The extra reporting to the Australian Immunisation Register will be unpaid, but there are fines for not complying.
Vaccine providers may soon have to report all government-funded immunisations – including against COVID-19 – to the Australian Immunisation Register or face penalties, but the government has no plans to reimburse providers for their efforts.
The federal government has introduced a bill for an amendment to the Australian Immunisation Register Act which would enforce mandatory reporting of COVID-19 vaccinations from 1 March 2021, and all other vaccinations funded under the National Immunisation Program from 1 July 2021.
Speaking on the bill in parliament, Health Minister Greg Hunt said while reporting of vaccinations to the Australian Immunisation Register was currently voluntary and data for childhood immunisations was high, the reporting for adolescent and adult vaccines was far less complete.
Associate director of the National Centre for Immunisation Research and Surveillance Dr Frank Beard said the COVID-19 pandemic and potential cost of COVID-19 vaccination were the main drivers for the government’s shift in policy.
“Given the stakes in this and the amount of economic impact already, the amount of money that’s being poured into this vaccination program, the government really needs to be able to track how the rollout is going and how many people are getting vaccinated and where,” said Dr Beard, also senior lecturer at the University of Sydney School of Public Health.
Eligible vaccine providers currently earn up to $6 for each completed immunisation schedule for children under seven years that is reported to the register, and $6 for each completed catch-up schedule for children under seven.
However, a spokesperson for the Minister’s office said there will be no expansion of these payments to adolescent or adult vaccinations under the new policy.
The register currently requires providers to submit information on the patient’s Medicare number – if Medicare-eligible – and name, date of birth and address, as well as details of the vaccine brand, batch number, date, dose and provider details.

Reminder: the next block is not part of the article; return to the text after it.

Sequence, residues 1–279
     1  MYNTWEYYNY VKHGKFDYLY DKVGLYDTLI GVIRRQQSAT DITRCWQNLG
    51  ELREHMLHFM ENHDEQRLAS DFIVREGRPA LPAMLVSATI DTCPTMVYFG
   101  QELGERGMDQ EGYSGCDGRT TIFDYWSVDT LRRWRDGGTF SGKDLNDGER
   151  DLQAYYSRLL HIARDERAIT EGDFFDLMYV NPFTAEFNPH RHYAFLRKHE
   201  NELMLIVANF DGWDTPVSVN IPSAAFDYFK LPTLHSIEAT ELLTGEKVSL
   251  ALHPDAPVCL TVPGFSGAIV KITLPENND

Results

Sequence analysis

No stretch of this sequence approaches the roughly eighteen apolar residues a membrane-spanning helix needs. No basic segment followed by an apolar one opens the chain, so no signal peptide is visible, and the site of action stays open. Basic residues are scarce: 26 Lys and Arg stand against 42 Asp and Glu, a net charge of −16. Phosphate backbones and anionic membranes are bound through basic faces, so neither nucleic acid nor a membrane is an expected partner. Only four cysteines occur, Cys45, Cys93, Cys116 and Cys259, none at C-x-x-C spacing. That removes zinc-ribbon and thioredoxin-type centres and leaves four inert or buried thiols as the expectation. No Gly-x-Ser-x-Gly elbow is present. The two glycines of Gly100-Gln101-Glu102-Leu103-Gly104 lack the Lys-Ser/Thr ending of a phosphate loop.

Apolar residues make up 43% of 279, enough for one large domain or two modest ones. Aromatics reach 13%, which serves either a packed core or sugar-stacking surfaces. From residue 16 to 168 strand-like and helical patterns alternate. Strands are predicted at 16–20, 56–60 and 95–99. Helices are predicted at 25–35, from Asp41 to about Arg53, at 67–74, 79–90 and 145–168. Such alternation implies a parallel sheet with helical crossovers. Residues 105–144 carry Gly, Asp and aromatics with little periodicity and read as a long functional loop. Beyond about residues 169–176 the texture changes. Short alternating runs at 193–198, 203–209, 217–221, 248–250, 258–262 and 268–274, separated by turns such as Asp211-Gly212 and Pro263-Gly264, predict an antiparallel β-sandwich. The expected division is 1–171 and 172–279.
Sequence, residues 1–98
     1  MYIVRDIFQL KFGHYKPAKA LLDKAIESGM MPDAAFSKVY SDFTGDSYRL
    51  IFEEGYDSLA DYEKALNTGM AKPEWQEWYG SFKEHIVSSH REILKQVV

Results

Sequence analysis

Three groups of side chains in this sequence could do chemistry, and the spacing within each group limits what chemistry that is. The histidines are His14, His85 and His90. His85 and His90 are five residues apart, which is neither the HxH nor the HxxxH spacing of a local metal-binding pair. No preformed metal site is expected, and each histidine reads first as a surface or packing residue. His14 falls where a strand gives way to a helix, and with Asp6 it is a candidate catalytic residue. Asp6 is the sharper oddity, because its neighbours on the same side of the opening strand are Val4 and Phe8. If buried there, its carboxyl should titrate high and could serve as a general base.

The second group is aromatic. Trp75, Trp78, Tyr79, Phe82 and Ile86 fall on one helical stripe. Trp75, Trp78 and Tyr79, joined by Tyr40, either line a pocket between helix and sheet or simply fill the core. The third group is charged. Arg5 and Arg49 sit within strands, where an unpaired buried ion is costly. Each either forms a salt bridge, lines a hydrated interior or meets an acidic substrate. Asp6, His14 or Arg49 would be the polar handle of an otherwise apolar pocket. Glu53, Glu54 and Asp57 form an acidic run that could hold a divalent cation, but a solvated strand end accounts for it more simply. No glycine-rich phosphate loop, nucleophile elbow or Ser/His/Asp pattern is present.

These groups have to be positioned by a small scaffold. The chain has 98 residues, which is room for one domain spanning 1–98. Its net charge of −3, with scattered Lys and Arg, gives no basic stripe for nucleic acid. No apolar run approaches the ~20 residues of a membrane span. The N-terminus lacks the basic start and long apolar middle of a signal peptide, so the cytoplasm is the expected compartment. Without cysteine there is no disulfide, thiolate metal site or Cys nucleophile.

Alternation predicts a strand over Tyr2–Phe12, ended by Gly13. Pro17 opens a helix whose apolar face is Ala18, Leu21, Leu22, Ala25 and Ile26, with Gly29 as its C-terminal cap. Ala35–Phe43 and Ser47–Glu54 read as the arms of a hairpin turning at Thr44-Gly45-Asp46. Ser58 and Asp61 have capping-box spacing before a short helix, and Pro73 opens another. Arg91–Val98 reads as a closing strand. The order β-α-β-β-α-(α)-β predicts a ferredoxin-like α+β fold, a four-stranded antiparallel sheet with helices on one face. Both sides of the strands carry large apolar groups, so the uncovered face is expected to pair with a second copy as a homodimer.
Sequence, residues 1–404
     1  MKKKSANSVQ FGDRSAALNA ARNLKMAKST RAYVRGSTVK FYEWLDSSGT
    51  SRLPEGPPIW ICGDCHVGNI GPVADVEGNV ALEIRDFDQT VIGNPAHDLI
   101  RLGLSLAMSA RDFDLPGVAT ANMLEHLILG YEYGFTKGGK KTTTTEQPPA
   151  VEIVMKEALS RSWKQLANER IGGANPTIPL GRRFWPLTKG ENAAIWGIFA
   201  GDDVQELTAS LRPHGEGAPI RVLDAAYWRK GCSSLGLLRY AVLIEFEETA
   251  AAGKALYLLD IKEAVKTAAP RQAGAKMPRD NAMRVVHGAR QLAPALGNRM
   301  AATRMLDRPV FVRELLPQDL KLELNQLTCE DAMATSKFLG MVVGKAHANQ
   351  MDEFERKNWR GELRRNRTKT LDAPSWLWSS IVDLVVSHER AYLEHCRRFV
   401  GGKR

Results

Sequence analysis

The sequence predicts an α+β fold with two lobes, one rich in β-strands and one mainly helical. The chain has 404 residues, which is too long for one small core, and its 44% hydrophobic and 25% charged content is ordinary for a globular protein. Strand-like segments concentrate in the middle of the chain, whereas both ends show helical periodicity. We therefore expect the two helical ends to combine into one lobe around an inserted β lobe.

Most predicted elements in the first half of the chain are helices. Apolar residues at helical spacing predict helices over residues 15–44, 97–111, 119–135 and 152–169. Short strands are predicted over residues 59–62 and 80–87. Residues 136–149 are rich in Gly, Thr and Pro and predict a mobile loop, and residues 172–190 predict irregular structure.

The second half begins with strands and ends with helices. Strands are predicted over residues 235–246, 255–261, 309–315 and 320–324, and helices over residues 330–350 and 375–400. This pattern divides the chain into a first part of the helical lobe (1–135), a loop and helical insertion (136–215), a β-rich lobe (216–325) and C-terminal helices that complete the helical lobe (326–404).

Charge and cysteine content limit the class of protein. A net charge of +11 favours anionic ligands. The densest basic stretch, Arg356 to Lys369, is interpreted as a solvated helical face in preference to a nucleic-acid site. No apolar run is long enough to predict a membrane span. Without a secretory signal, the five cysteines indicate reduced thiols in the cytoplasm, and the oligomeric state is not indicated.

Mr Hunt told parliament that the data was used to monitor the effectiveness of vaccination programs, identify areas that might be at risk during disease outbreaks, inform policy, and to provide proof of vaccination for entry to childcare, school and for employment purposes.
A spokesperson for the Minister told The Medical Republic that there were strict privacy provisions governing access to data in the register – which are maintained in the new bill – and the data can only be access by the individual patient, vaccine providers and the registers administrators.
While the spokesperson said providers were not required to report an immunisation if it was likely to pose a risk to the health or safety of an individual, the office did not answer a specific question about whether individuals would have the choice to opt out of having their data reported to the register.
Dr Beard noted that there weren’t the same sensitivities around an individual’s vaccination record as there might be about their entire medical history, so the register didn’t have the same potential issues that My Health Record has had.
“I think the public would fully support this and expect that their vaccines are on there,” he said. “The vast majority of providers would support it in principle too.”